|Publication number||US6366137 B2|
|Application number||US 09/795,055|
|Publication date||Apr 2, 2002|
|Filing date||Feb 26, 2001|
|Priority date||Feb 28, 2000|
|Also published as||US20010028260|
|Publication number||09795055, 795055, US 6366137 B2, US 6366137B2, US-B2-6366137, US6366137 B2, US6366137B2|
|Original Assignee||Stmicroelectrioncs S.A.|
|Export Citation||BiBTeX, EndNote, RefMan|
|Patent Citations (10), Non-Patent Citations (4), Referenced by (9), Classifications (5), Legal Events (6)|
|External Links: USPTO, USPTO Assignment, Espacenet|
The invention relates to the field of very low-power comparison devices, and, more particularly, to electronic equipment (e.g. battery powered electronic equipment) where the power consumed is limited. Comparison devices with very low consumption are used especially in the biomedical field, and in portable equipment or sensors.
In these fields, the electronic equipment must consume as little power as possible because the total current available is very limited. One microampere corresponds to an available order of magnitude. When it is sought to reduce the consumption of an electronic device, its performance characteristics are generally reduced. This is especially the problem with comparison devices. To reduce their consumption, it is sought to reduce the bias current. But the more this current is reduced, the lower the efficiency of the comparison devices, i.e. their switching becomes very slow. For example, a standard prior art comparator, biased at 60 microamperes, switches over in about a hundred nanoseconds. When biased at 500 nanoamperes it will switch over in six microseconds.
A standard comparator usually has at least two gain stages and one output stage used for the reshaping of the output signal, which includes a sequence of inverters. A comparator of this kind has dissymmetrical behavior in switching. It switches over more quickly in one direction than in another. This dissymmetry in switching is aggravated at very low bias current.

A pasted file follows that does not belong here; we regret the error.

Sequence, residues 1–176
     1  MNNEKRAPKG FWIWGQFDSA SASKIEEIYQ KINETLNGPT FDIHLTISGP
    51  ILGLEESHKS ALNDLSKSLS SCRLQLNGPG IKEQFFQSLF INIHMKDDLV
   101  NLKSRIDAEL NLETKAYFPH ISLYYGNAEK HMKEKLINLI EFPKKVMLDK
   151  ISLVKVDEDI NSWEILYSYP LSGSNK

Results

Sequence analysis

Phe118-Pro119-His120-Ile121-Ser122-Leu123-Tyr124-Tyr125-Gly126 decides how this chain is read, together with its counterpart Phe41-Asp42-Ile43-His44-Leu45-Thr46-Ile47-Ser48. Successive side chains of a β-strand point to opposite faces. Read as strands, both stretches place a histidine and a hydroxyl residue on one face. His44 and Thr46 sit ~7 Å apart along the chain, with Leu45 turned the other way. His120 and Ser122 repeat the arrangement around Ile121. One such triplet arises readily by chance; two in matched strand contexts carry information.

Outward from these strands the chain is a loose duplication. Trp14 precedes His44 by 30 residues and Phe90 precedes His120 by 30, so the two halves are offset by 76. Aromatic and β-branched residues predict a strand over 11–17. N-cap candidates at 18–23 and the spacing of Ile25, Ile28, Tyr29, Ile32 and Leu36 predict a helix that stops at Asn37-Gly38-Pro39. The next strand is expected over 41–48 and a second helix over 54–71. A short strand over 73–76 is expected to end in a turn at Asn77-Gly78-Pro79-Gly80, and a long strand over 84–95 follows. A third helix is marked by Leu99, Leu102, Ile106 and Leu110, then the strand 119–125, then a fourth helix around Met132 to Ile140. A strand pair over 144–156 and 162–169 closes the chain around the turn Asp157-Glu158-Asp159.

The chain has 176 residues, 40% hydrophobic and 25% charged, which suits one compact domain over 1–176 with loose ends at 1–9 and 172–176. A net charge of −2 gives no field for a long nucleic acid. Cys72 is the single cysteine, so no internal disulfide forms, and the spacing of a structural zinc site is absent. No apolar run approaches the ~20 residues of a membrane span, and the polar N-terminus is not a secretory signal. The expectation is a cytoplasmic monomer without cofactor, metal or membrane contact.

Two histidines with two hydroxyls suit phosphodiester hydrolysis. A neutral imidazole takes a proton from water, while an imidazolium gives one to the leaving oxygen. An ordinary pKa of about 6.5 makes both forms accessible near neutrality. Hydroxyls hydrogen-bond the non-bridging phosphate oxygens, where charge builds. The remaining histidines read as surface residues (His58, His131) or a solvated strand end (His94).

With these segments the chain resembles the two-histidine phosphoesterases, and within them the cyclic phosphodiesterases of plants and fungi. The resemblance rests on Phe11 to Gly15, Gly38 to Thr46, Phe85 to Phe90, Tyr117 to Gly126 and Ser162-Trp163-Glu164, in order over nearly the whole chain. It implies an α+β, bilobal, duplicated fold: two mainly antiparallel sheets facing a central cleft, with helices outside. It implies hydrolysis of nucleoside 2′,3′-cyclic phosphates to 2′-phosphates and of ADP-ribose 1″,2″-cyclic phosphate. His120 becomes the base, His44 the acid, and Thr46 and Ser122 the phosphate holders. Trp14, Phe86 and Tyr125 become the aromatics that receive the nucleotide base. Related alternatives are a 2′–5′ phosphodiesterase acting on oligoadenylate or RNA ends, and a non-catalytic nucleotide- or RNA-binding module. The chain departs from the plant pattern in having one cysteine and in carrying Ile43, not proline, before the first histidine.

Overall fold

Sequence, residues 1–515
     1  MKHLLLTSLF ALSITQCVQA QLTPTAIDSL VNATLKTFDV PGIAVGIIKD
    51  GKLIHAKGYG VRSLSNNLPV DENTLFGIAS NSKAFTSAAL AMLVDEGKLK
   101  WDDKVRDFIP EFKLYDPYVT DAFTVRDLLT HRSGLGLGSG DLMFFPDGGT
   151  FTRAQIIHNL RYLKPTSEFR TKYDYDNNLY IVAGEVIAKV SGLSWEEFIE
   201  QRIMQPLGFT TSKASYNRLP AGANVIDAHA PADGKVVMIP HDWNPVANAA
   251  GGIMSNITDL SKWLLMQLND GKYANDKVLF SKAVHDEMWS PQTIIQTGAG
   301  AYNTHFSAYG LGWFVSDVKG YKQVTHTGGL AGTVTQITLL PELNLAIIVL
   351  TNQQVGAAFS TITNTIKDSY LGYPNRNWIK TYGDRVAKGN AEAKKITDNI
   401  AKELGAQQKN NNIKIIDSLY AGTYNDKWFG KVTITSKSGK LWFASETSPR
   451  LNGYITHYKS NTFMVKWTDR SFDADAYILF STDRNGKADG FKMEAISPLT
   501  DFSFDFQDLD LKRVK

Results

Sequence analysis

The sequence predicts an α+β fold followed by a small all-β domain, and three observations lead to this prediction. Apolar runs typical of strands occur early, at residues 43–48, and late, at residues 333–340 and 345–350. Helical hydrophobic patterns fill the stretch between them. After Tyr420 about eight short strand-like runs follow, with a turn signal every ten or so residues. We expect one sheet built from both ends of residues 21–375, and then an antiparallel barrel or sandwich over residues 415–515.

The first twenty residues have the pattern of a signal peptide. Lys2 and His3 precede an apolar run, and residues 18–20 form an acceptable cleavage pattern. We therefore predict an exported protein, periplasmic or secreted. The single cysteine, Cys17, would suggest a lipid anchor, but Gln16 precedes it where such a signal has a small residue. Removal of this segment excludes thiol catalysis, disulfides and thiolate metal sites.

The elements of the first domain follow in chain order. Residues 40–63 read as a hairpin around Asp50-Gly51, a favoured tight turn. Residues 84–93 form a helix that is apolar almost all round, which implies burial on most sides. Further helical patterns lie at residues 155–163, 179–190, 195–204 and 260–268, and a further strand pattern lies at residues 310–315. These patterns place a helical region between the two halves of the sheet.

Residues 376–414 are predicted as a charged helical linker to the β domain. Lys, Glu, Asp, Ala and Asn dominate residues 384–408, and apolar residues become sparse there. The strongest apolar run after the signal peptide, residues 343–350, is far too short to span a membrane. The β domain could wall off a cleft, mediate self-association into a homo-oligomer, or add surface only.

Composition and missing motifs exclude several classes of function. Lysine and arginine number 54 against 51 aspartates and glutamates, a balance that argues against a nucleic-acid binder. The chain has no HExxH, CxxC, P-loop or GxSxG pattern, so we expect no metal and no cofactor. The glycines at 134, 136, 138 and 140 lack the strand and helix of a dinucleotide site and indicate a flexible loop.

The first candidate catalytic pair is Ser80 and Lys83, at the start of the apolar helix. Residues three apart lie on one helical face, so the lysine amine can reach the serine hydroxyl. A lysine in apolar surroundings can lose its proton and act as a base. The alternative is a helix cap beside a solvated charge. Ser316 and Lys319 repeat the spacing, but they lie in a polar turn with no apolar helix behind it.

FIG. 1 shows a prior art comparator used to compare two signals MI and PI applied to the input. In general, one of the two signals is a reference signal. In the example, and as shown in FIG. 2, the signal MI is the reference signal with a level supposed to be constant and the signal PI is a signal with a variable level, given by an unspecified measurement circuit that is not shown. The signal MI is applied to the non-inverting input e+ and the signal PI is applied to the inverting input e−.
The comparator is powered by the two logic supply voltages V
The second arm is associated with the inverting input e−. It has two transistors M3 and M4 that are series-connected between the supply voltage V
This input stage is biased by a bias current Ib generally given by a current mirror structure that comprises a transistor M5 connected between the bias node N and the supply voltage V
The second gain stage comprises, in the example, a first transistor M6 biased by the bias current Ib. In the example, this current is a P type MOS transistor whose drain gives the output signal OUT1 of the comparator. When the input El rises to “1” (PI<MI), the transistor M6 is off and the output OUT1 falls to “0”. So that the transistor M6 may be off, its gate which is connected to the input E1 should be brought from zero (V
When the input El falls to “0” (PI>MI), the transistor M6 is on, drawing the output OUT1 to “1”. Now the transistor M6 comes on as soon as the input E1 goes from V
Thus, it can be seen that the switch-over in the comparator which corresponds to the change-over of the output OUT1 from “0” to “1” is very fast because of the sizing of the transistor M6 in combination with the small variation in charge of the node E1 (from V
The switch-over of the comparator which corresponds to the change-over of the output OUT1 from “1” to “0” is slower because of the greater variation in charge (from 0 to V
Thus, a prior art comparator has behavior that is asymmetrical in switching, aggravated by its low bias current.
FIG. 2 shows the progress of the output as a function of the level of the input signal PI as compared with the input signal MI taken as a reference, when the comparator is biased at a low bias current Ib in the range of 100 nanoamperes. When the input signal PI rises above the reference input signal MI, there is a fast build-up in voltage at the output OUT1. when the level of the signal PI returns below the input signal MI, there is first a plateau before the voltage falls back. This plateau is due to the double constraint of the build-up of the node E1 from 0 to V
According to the invention, this technical problem of slow switching, aggravated at low bias current, is addressed by applying the signals PI and MI to be compared to a second comparator but invertedly so that they switch over invertedly with respect to each other. The output of each of the comparators is looped back to the other output by a control logic such that the change-over of the output of a comparator from “0” to “1” enforces the inverse switch-over in the other comparator.
In this way, the behavior of the comparison device is symmetrized with respect to the fastest switching. The gain in switching time greatly compensates for the additional consumption due to the use of two comparators.